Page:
Lee warned from Savannah in January 1862: “The forces of the enemy are accumulating, and apparently increase faster than ours.” He feared, given maritime capabilities of speedy transportation and concentration, “it would be impossible to gather troops necessarily posted over a long line in sufficient strength, to oppose sudden movements. Wherever his fleet can be brought no opposition to his landing can be made except within range of our fixed batteries. We have nothing to oppose to its heavy guns, which sweep over the low banks of this country with irresistible force.”[1] He could not mount a cordon defense.

President Lincoln and Secretary of the Navy Gideon Welles had every intention of employing that sea power. However, in hindsight, their strategic vision was limited, and opportunities were lost for potentially decisive joint army/navy campaigns into the Southern heartland.[2]

A central component of Union strategy was to interdict trade with seceded states, starving them of funds, war materials, and necessities. On April 19, 1861, ten days after Fort Sumter, Lincoln issued a “Proclamation of Blockade Against Southern Ports.”

It was the most extensive naval blockade ever attempted, covering over 3,500 miles of low lying sand and swamp from Cape Hatteras to Matamoros. The blockade eventually would employ more than five hundred vessels manned by a hundred thousand sailors. But it required secure local bases from which to repair, resupply, and refuel blockaders, and to rest crews without long, wearying retreats to secure Norther harbors.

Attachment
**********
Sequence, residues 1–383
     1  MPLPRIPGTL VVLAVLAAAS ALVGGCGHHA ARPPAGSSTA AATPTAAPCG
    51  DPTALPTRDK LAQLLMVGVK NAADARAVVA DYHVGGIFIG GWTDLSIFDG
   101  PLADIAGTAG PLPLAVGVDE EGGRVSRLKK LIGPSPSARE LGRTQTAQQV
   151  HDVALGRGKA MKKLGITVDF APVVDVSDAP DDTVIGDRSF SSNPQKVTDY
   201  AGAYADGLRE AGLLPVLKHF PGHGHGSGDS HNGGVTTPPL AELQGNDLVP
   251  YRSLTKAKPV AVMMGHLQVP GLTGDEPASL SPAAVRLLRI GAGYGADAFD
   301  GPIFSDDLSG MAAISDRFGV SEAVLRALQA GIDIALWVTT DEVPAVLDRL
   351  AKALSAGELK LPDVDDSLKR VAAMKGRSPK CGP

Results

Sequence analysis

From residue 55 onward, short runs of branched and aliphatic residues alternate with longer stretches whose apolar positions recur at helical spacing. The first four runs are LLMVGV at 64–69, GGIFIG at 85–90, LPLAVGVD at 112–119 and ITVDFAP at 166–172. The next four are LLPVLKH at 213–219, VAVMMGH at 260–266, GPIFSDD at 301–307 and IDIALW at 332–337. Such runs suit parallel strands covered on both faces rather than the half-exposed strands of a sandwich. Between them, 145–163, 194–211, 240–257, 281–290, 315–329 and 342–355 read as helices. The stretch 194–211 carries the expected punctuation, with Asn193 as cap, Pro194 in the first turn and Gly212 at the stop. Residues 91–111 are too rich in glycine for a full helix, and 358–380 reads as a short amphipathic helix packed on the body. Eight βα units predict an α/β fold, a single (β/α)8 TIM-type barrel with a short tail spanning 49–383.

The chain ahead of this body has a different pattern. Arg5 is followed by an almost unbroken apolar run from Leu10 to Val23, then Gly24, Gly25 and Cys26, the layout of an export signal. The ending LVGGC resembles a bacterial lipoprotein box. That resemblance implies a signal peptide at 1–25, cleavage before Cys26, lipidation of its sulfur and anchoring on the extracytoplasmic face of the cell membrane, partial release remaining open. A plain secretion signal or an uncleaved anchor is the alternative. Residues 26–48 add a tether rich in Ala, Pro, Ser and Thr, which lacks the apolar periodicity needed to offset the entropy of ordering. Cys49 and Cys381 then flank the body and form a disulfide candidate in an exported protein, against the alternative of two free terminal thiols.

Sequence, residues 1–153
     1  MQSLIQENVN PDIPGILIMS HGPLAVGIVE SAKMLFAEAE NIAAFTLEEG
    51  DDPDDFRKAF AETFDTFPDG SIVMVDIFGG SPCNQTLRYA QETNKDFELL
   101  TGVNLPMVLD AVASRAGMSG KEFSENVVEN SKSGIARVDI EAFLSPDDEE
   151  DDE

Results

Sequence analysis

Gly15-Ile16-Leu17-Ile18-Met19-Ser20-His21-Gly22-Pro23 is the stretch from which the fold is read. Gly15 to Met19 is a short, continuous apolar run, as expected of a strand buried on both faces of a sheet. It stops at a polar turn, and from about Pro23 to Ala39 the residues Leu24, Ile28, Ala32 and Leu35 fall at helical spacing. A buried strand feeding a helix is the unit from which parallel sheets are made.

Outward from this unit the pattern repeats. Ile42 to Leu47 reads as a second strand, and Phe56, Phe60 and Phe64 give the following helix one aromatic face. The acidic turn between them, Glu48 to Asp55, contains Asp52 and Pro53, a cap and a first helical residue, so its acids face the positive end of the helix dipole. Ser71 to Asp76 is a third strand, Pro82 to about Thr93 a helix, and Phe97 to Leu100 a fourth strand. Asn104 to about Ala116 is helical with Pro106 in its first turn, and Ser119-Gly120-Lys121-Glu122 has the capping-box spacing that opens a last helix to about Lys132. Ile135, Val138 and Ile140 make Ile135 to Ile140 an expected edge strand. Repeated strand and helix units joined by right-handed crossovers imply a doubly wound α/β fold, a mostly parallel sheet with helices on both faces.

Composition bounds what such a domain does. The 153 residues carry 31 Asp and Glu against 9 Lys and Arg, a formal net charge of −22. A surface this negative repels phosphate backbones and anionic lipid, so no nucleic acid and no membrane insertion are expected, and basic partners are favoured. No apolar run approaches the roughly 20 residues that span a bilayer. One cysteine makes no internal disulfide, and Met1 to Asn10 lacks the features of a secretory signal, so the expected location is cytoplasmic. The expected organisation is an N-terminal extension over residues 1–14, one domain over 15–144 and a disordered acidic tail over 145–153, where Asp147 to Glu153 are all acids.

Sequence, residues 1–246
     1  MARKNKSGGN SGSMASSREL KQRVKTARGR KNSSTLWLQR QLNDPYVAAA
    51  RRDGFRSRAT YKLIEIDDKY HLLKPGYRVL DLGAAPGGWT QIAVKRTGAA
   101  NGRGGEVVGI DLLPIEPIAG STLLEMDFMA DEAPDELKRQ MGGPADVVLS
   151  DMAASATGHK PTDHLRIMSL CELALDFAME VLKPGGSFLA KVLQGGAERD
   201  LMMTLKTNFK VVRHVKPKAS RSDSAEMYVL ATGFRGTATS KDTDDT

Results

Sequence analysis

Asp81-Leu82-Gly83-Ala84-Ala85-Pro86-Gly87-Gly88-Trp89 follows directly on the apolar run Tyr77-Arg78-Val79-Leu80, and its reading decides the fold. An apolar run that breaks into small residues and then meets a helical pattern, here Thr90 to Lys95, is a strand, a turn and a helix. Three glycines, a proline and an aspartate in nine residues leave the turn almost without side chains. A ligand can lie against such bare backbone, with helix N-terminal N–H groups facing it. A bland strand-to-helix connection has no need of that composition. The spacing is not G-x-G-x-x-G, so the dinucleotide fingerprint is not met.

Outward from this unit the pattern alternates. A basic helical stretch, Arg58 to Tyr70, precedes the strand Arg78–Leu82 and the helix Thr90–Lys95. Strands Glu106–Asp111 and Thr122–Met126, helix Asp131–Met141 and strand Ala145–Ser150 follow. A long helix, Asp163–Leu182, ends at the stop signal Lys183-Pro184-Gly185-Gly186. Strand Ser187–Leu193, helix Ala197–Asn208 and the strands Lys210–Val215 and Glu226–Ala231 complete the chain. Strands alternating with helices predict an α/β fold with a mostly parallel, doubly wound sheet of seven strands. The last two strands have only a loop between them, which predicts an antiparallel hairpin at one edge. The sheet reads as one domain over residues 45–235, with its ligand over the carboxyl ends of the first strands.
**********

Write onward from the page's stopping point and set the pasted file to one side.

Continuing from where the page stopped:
The Civil War demanded operations new to the U.S. Navy, employing innovative tactics and technology. These included: joint and amphibious operations; reduction of powerful shore fortifications; capture and control of heavily defended harbors, inland waterways, and contiguous coastal areas; interdiction of enemy trade, communications, and transportation—all while sustaining and protecting friendly forces. The navy, heretofore an exclusively deep-water force, had never thought very much about any of these power projection challenges.

There were no protocols and no mechanisms for directing joint operations between land and sea services. The sole joint commander was the commander-in-chief; he was still learning the ropes in the winter of 1861-62. The command environment was muddled by George McClellan’s machinations to supersede Winfield Scott as commanding general. Army and navy secretaries managed separate fiefdoms. Officers of one service, however senior, could issue no orders to any officer of the other service, however junior.

army navy joint operations